CJ 521, “Law and Social Control,” was last offered during the Fall 2004 Semester. Although this was a campus-based course, much of our work was completed online. The course was structured to include online reserves and an online discussion forum. Students in the Fall 2004 classes were the first participants in the "The Online Encyclopedia of Criminal Justice." These students did a great job and worked through many details, and answered many question, so that this process can be easier for others. We owe these students a debt of gratitude for going through the initial "growing pains."
These courses were taught in the summer of 2004. I scaled down some of the assignments that had been previously used so that students could focus more on the readings. I still prefer the online journals and essays, but these courses are very demanding on instructor and students since they last just five weeks and include campus and distance students. The distance students are familiar with the mechanics while the campus students may be new to distance courses. Given the frantic pace, and the expectation that 15 weeks of work will be compressed into 5 weeks, these course outlines were designed in an effort to minimize technology related problems.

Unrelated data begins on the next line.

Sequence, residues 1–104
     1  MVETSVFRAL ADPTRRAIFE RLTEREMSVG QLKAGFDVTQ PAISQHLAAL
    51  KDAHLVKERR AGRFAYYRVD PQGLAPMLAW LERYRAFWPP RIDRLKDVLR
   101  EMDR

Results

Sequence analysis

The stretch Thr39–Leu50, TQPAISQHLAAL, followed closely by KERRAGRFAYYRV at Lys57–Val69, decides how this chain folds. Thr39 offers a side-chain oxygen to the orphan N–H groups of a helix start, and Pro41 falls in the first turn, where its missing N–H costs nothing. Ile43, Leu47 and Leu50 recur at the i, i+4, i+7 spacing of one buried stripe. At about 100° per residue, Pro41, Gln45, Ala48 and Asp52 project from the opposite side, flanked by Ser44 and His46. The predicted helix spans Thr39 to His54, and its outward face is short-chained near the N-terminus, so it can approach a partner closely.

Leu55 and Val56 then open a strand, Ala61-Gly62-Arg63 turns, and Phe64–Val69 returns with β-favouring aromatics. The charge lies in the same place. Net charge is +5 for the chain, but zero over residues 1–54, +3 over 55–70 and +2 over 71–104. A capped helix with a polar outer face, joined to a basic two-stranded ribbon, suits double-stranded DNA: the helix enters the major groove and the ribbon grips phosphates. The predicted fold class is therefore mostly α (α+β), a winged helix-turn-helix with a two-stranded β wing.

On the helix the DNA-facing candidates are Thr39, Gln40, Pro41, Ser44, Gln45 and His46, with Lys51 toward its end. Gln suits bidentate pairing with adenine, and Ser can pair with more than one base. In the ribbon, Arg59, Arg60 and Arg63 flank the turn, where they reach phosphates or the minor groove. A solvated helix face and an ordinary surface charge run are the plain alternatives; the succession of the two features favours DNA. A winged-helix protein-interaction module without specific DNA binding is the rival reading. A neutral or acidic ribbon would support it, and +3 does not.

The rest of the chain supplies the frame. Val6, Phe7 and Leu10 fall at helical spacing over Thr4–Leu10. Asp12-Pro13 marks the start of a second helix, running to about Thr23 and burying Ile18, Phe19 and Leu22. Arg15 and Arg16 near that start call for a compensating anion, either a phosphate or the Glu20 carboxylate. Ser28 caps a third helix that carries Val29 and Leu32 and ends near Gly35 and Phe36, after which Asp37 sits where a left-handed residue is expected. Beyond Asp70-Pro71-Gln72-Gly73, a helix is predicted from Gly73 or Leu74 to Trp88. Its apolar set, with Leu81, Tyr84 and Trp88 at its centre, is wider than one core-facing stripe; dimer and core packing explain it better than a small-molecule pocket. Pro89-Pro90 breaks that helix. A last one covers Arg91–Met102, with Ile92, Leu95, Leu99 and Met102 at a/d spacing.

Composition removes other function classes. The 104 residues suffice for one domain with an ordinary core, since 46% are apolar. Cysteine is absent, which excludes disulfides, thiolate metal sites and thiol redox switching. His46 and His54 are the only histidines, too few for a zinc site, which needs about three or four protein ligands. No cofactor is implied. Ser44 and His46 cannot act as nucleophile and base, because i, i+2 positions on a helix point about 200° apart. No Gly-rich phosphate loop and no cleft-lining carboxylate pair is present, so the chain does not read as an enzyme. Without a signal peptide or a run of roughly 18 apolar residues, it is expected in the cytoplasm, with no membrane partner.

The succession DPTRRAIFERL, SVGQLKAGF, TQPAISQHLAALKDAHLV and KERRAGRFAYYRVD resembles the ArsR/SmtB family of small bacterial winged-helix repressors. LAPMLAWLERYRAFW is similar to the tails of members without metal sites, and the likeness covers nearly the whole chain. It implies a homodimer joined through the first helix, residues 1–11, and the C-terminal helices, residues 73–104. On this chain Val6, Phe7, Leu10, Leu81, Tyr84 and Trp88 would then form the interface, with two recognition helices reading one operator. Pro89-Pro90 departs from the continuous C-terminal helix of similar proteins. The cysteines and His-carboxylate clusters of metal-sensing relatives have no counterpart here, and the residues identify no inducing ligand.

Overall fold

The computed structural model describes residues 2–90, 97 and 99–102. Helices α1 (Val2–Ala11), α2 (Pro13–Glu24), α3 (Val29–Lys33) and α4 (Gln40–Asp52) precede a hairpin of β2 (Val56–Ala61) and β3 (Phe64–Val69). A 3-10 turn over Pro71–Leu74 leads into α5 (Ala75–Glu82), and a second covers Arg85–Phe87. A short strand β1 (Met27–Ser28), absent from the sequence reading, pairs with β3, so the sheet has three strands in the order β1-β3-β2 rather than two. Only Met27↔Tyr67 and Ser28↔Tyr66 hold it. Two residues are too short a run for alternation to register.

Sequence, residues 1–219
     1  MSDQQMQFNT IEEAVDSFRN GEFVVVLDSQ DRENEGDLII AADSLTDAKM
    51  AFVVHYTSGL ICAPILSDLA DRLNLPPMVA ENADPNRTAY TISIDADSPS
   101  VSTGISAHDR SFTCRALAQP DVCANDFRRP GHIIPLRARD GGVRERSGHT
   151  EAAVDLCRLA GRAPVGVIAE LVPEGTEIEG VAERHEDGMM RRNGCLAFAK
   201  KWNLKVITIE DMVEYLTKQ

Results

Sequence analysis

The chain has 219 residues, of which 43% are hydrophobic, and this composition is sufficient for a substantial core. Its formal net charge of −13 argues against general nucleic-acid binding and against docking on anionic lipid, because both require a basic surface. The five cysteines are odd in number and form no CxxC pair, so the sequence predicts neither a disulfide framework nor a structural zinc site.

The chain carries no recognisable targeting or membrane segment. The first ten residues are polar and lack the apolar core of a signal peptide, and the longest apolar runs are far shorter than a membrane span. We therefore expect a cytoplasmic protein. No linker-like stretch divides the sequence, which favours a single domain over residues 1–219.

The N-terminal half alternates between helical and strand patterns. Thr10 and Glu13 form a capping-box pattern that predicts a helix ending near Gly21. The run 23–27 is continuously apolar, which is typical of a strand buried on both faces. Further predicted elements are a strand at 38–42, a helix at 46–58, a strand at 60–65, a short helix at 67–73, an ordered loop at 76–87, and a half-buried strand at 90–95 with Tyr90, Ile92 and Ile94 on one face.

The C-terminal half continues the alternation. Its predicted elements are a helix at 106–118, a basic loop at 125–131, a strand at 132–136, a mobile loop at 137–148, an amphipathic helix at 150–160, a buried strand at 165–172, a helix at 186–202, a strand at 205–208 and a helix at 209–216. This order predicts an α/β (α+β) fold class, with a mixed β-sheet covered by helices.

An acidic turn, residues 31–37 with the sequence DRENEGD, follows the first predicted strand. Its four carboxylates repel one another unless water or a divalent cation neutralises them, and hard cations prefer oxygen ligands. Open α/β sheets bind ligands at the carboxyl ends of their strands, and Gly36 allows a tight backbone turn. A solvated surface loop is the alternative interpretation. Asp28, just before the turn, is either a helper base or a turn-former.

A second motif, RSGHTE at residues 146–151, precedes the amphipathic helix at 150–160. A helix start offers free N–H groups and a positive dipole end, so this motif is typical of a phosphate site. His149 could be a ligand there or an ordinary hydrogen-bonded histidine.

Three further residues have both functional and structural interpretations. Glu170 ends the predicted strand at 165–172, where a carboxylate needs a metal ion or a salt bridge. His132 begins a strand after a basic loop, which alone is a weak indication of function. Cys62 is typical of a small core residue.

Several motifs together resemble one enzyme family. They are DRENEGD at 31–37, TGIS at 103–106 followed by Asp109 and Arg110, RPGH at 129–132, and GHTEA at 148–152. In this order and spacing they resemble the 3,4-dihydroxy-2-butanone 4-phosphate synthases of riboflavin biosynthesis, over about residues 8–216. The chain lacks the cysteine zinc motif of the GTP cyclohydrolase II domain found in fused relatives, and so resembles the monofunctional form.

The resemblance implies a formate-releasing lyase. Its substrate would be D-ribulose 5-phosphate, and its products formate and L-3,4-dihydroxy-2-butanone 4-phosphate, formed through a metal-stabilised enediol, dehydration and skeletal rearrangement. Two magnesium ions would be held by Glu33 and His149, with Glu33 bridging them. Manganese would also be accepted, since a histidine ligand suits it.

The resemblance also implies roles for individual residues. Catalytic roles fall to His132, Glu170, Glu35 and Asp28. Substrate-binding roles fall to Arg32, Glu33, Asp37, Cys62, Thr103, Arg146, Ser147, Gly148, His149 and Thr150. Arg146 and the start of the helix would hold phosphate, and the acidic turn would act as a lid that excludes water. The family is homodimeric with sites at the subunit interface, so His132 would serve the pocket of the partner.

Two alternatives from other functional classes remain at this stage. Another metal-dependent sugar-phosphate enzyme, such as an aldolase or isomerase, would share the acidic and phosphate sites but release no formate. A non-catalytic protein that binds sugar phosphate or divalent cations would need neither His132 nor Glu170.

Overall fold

This course was campus-based and cross listed for graduate and undergraduate students. The web-based course outline was used for the delivery of various assignments.
This course was actually two courses. Campus-based and distance students shared the same learning environment. It was interesting for these students to work together and students responded positively to the opportunity to get to know a group of students who they had not met prior to this course.
This course was last taught in the summer of 2003. This was a five week graduate level summer course so the pace was quite intense. The entire course was publicly available and all course discussions and assignments were submitted in public spaces that were accessible without passwords. This experience was very rewarding and has resulted in numerous presentations on the subject of "open access learning environments."